Methods of Conducting Genealogical Research

—Phillip W. McMullin

Joseph Smith has advised us that the greatest work which the lord has for us to do is to seek after our dead. Genealogy is one of the four aspects of the correlation program of the Church today, making its achievement vital to the salvation of each individual.

But how can this work be completed by the average Church member? It seems apparent that the two easiest methods would be for the independently wealthy person to pay someone else to have this work done, or for someone with unlimited time to spend his entire lifetime doing his own genealogy.

Since either of the above conditions are seldom existent in our society, the average person interested in pursuing an extension of his family tree needs to turn his efforts in other directions. The purpose of the present analysis is to investigate various methods which might be used to achieve the goal of genealogical research. Although these methods are centered toward the Latter-day Saint family, any individual interested in such work can adapt the following methods to his own situation.

The first insturment which might be used, and certainly the ideal situation in the eyes of our profession, is for the individual to hire a trained genealogist to do his research. The implications, bot good and bad, of such a choice are as follows:

1. If a qualified researcher is chosen, the work will be done with minimal error, thus achieving the desired results. Errors can be easily made by even well-trained researchers unless they have had adequate experience. Someone who has constant exposure to research methods learns of periodic changes in techniques, new record sources, research policies, etc.

2. If adequate funds are available, such a method would probably be the desirable.

3. The best asset to having a trained professional researcher is his analytical prowess. Someone who has daily exposure to research gains proper insights into genealogical problems by hs increasing knowledge and experience.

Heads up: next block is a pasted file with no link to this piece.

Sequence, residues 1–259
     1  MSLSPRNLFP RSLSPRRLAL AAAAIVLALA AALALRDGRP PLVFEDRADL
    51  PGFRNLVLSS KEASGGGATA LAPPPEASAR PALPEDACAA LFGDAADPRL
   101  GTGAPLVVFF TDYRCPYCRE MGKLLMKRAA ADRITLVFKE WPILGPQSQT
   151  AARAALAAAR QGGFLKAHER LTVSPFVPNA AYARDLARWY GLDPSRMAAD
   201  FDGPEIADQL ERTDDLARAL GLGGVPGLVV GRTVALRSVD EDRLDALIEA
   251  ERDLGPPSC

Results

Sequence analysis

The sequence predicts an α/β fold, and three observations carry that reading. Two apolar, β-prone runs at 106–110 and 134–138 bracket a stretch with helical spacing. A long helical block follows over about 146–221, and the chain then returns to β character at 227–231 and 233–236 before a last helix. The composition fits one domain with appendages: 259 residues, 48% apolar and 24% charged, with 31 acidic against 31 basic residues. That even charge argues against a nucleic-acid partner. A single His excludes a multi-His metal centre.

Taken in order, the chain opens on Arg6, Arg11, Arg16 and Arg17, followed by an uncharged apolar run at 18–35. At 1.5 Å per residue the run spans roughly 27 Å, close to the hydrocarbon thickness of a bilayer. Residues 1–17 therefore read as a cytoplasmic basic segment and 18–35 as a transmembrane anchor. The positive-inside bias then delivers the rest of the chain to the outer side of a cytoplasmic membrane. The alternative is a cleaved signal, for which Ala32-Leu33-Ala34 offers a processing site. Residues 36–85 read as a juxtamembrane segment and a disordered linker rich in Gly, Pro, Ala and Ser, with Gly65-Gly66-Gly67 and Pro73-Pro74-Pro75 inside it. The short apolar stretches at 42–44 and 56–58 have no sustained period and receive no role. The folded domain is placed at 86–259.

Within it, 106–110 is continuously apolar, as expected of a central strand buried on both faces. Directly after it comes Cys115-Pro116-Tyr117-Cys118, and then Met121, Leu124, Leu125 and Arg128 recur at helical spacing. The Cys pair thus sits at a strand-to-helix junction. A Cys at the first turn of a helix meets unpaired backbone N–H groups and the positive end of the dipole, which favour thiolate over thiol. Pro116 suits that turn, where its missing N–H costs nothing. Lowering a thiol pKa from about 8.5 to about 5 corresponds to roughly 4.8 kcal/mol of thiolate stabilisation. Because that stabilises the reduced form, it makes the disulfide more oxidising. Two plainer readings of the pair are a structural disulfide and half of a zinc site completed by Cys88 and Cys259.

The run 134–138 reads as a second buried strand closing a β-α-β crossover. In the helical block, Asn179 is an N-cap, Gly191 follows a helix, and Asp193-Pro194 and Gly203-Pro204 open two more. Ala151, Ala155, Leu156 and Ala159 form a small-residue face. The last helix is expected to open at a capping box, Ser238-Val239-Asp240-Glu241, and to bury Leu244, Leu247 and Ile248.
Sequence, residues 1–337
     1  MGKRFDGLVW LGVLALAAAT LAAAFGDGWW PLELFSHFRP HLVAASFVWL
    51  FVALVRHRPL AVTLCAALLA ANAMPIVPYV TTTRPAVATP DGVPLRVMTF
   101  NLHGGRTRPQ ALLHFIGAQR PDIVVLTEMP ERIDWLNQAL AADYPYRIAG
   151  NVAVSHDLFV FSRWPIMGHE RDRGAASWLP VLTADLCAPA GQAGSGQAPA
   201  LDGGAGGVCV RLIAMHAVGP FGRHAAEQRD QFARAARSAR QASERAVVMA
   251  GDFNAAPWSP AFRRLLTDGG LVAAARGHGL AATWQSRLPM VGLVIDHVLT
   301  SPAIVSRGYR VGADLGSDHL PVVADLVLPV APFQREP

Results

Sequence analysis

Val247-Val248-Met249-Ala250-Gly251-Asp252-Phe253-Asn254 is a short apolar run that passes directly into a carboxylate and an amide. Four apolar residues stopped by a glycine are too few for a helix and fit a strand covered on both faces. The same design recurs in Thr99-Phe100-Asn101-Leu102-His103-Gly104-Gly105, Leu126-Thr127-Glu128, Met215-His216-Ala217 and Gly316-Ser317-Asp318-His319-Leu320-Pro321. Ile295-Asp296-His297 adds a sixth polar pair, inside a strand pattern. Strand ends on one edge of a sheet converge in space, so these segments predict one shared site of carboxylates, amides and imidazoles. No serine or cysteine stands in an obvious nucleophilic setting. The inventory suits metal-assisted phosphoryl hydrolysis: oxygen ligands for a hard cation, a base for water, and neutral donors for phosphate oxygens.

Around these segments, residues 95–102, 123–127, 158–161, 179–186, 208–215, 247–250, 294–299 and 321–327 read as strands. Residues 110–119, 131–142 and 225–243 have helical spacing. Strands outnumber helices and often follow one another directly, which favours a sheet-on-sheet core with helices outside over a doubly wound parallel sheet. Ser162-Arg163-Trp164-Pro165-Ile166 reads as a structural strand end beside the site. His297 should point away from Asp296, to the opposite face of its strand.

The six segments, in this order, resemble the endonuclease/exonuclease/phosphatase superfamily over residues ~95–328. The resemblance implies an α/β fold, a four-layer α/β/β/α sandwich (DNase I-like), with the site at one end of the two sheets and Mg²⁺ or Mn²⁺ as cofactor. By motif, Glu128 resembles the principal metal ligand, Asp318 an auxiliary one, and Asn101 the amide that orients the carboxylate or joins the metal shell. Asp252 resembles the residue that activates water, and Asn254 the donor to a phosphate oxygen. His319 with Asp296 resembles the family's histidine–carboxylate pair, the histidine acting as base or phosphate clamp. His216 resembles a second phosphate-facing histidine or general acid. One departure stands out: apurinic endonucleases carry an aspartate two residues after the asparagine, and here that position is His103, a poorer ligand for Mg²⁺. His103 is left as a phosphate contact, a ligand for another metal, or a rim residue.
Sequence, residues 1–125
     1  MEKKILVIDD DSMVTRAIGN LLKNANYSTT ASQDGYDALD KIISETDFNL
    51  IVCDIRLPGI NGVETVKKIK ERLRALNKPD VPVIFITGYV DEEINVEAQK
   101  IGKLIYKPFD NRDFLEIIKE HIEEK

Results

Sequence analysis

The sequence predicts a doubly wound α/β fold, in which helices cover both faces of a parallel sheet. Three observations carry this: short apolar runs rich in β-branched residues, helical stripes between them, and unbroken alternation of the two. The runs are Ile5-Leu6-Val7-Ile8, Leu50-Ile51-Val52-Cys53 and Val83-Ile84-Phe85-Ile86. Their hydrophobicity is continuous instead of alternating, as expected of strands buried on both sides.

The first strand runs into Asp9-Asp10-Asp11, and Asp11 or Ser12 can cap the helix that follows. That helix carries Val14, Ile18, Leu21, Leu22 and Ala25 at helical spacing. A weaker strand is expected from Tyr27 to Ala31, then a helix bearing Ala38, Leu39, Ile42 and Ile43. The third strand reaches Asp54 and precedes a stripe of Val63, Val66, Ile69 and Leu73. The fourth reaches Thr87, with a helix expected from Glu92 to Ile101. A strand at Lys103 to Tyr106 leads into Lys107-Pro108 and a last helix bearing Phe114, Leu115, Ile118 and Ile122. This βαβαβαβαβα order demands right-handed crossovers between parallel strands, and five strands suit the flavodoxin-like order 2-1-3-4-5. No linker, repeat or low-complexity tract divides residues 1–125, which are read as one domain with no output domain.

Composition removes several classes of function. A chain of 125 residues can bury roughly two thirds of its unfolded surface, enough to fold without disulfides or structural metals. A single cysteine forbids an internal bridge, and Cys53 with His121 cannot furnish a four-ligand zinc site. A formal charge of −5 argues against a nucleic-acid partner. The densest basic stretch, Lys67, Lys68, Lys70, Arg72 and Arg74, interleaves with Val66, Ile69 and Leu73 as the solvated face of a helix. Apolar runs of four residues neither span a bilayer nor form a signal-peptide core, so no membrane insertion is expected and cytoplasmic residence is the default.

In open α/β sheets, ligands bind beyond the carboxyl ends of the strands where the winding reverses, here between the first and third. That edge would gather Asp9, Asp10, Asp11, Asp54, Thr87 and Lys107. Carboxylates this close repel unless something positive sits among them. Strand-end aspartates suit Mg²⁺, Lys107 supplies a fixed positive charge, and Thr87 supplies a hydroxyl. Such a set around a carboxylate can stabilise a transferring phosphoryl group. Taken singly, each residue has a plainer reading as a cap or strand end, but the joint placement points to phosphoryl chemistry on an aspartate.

4. The professional will also know sources to consult to avoid duplication and to learn from previous research. (These are the advantages of the CRA (Church Record Archives), CFI (Computer file index), IFR’s master file (Institute of Family Research) and the unlimited possibilities of future work with computers!)


1. It is quite expensive and the average person may not be able to afford such investment (expecially with large company overhead).

2. You may get a poor researcher.

The second method of accomplishing research is to establish a family organization. With the correct type of leadership, there is no limit to what such an establishment can achiev. However, different families are organized to perform in differnt ways, as follows:

I. The organization can ask for a set amount of dues periodically to support various research projects.

A. Yearly dues, e.g., ten to twenty-five dollars for all families is one option.

B. Leader consult with heads of each family and allocate the amount they can most likely afford, e.g., each family group could be assigned fifty dollars per month to go into the fund for research.

C. Individual members who are known to be well financed can be asked personally to give larger amounts on a regular basis, yearly or monthly.

Once a method of financing is chosen, a professional, or a family member can be commissioned to perform the work.

II. The organization could choose one or two family members to train to do the research. These members must attend classes in Sunday School and could be sent to BYU or similar institutions to learn methods of research. They would do all research for the family and would be paid for their time. It would be best to choose someone who is young, with an alert mind, although the older family members would probably have more time and perhaps be endowed with more of the Spirit of Elijah.

An important aspect in such a situation is that the leaders selected in the family organization must be self-starters, so that the researcher will be motivated to work.

III. The family organization could divide up the pedigree into various areas. Then the family could be divided — say, each of the four living family heads would be assigned one grandparent’s line to work on. This way all interested would be involved, and the work would get done with minimal expense. Also, because of the strong personal interest, spiritual insight and direction from above may exist that would not necessarily be present with the professional. This would perhaps be the ideal situation. Unfortunately no one would be qualified to ensure that errors were not made. Also, the in-depth knowledge into various research problems and the professional’s analytical insights would be lacking. This lack of knowledge may cause severe hindrances to progress.

In summary, there is probably no single correct answer to the problem. A family may be blessed with wealth, with ample time, with a special family member motivated by the Spirit of Elijah. Whatever the situation, the costs must be weighed by family leaders, who take their own initiative to seek the assets of the family and to come to the most beneficial conclusion.